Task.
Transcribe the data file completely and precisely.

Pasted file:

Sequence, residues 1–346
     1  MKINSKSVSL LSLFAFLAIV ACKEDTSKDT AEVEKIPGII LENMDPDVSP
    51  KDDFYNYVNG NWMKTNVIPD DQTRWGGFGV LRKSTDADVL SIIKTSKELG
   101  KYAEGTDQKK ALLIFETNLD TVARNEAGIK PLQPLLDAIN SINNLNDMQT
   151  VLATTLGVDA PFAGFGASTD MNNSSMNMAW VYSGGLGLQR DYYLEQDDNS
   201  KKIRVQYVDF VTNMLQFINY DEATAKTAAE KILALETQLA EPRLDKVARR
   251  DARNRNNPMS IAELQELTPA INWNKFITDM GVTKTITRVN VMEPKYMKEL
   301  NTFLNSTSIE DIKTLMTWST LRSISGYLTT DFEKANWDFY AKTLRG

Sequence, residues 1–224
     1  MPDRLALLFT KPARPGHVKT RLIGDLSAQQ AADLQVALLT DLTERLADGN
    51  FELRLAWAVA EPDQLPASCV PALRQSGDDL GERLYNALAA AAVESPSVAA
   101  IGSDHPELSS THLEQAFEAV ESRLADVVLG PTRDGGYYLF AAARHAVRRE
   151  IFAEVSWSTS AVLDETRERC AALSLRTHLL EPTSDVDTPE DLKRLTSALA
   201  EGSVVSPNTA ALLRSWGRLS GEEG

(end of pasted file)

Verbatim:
Sequence, residues 1–346
     1  MKINSKSVSL LSLFAFLAIV ACKEDTSKDT AEVEKIPGII LENMDPDVSP
    51  KDDFYNYVNG NWMKTNVIPD DQTRWGGFGV LRKSTDADVL SIIKTSKELG
   101  KYAEGTDQKK ALLIFETNLD TVARNEAGIK PLQPLLDAIN SINNLNDMQT
   151  VLATTLGVDA PFAGFGASTD MNNSSMNMAW VYSGGLGLQR DYYLEQDDNS
   201  KKIRVQYVDF VTNMLQFINY DEATAKTAAE KILALETQLA EPRLDKVARR
   251  DARNRNNPMS IAELQELTPA INWNKFITDM GVTKTITRVN VMEPKYMKEL
   301  NTFLNSTSIE DIKTLMTWST LRSISGYLTT DFEKANWDFY AKTLRG

Sequence, residues 1–224
     1  MPDRLALLFT KPARPGHVKT RLIGDLSAQQ AADLQVALLT DLTERLADGN
    51  FELRLAWAVA EPDQLPASCV PALRQSGDDL GERLYNALAA AAVESPSVAA
   101  IGSDHPELSS THLEQAFEAV ESRLADVVLG PTRDGGYYLF AAARHAVRRE
   151  IFAEVSWSTS AVLDETRERC AALSLRTHLL EPTSDVDTPE DLKRLTSALA
   201  EGSVVSPNTA ALLRSWGRLS GEEG